Dreamers protest A new order by President Trump puts thousands of Dreamers' future at risk.
Image via Shutterstock

Citing that money allotted for DACA recipients is meant for Americans, the White House excludes thousands from receiving Coronavirus financial aid.

President Donald Trump, who on Tuesday announced he is suspending immigration into the country for 60 days to, ostensibly, halt the spread of the Invisible Enemy, as he calls the novel coronavirus, has dealt a second blow to immigrants and Dreamers in the United States.

On Tuesday the Republican incumbent announced he is blocking tens of thousands of undocumented immigrants and Deferred Action for Childhood Arrivals (DACA) recipients from getting billions of dollars in aid designated to aid college students affected by COVID-19.

RELATED: Digital Divide Puts Latino AP Students at Major Disadvantage

Under the CARES Act, Universities would get just over 6 billion dollars in aid. Half of this money would be used to help students affected by COVID-19 while the other half could be used to help the universities with the cost of switching to online learning due to the COVID-19 social distancing directives now in effect. 

Aid Intended Just for Americans

According to the Education Department, students who are ineligible for federal student aid can’t get this emergency money. That includes undocumented students, international students and DACA recipients. The presidential executive order excludes from receiving the much needed aid students who are already struggling financially to finish college, and those whose legal status is in jeopardy pending a U.S. Supreme Court ruling. The reason given by the Education Department for refusing the aid is that this resource is solely intended for U.S. citizens.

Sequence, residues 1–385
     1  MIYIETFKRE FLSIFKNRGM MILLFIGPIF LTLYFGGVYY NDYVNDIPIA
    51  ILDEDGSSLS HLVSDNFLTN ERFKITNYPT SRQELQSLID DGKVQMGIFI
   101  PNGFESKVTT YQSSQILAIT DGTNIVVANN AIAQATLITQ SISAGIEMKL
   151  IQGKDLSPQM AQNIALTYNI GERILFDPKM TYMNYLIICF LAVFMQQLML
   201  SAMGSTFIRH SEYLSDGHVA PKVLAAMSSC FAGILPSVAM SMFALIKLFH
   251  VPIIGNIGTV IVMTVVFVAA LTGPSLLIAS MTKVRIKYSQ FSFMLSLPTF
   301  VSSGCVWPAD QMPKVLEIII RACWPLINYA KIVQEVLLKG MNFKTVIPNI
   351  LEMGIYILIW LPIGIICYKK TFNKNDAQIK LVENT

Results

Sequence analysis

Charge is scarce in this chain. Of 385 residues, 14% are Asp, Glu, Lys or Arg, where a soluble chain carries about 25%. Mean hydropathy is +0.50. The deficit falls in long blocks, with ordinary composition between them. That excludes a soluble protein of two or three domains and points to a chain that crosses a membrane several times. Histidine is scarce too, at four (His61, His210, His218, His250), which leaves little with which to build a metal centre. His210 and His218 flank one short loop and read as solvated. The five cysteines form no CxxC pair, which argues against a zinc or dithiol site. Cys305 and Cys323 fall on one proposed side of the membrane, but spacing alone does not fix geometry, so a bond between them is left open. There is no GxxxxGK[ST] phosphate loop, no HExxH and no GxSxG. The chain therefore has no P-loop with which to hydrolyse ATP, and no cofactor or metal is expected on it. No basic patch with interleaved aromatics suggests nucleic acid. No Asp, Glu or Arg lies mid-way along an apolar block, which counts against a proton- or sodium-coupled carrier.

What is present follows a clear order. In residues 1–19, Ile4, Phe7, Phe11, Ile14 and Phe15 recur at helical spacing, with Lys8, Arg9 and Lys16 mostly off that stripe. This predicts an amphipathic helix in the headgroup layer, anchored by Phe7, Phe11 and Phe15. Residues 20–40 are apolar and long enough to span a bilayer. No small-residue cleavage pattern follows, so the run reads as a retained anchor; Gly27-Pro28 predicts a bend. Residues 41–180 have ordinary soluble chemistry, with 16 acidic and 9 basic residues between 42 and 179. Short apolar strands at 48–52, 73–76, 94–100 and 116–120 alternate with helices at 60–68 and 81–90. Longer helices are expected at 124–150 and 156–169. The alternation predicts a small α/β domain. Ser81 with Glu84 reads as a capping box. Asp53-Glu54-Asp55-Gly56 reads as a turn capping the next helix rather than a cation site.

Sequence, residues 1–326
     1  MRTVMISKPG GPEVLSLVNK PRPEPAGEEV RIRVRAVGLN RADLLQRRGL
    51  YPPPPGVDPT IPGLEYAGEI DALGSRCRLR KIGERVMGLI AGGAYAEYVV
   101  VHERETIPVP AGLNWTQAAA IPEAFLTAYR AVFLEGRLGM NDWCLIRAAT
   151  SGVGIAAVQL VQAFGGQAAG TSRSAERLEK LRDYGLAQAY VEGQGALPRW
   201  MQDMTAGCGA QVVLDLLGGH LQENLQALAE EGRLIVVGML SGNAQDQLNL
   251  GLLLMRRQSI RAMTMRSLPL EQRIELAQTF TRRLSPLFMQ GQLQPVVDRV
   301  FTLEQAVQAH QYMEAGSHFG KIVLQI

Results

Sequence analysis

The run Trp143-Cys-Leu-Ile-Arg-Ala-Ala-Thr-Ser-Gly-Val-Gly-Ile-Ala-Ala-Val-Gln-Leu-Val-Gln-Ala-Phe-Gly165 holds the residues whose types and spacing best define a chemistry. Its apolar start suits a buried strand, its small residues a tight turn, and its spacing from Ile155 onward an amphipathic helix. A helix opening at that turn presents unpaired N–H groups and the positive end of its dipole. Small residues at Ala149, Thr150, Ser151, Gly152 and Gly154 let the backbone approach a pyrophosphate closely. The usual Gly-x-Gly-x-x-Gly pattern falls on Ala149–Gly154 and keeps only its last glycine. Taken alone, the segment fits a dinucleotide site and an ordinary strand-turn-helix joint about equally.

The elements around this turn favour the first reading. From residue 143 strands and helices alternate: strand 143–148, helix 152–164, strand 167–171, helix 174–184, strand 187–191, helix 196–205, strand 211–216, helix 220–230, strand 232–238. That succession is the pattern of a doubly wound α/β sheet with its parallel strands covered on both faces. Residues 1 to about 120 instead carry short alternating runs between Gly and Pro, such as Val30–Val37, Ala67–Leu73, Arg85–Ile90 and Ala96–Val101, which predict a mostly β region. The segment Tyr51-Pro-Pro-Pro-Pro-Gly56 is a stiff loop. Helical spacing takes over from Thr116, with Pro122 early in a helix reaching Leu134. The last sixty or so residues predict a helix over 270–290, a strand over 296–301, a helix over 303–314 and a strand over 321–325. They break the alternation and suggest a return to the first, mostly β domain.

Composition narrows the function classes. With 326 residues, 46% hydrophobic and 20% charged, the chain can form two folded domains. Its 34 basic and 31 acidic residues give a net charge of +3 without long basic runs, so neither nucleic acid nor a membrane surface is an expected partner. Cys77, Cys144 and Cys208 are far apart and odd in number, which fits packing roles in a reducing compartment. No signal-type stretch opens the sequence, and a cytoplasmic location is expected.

Recipients of the Deferred Action for Childhood Arrivals are estimated to be nearly 700,000 across the country. This means that thousands of students in the state of Florida, which has an estimated 106,481 Dreamers, as the DACA-protected immigrants have come to be known, could be severely affected. 

RELATED: The Effect Of COVID-19 On College Admissions For Latinos

DACA was created under President Barack Obama’s administration to offer immunity for two-year periods to immigrants brought to the country as children without documentation. But President Trump had it in his crosshairs from the beginning of his term. As early as Nov 2019 he wrote in a tweet, saying in part: “Many of the people in DACA, no longer very young, are far from “angels.” Some are very tough, hardened criminals.”

Trump, who campaigned on a promise to end illegal immigration and build a wall on the Mexican border to keep the “murderers and rapists” out, said at the time that he would “immediately terminate DACA” if elected. After taking office, he promised that the U.S. would show “heart” in dealing with the Dreamers. But as the November general election comes closer, he appears to be pandering to his base by cracking down on immigrants.  

Federal courts in California and Texas have challenged the decision, taking it all the way to the Supreme Court. Later this year it is expected to issue a decision on the future of the DACA program.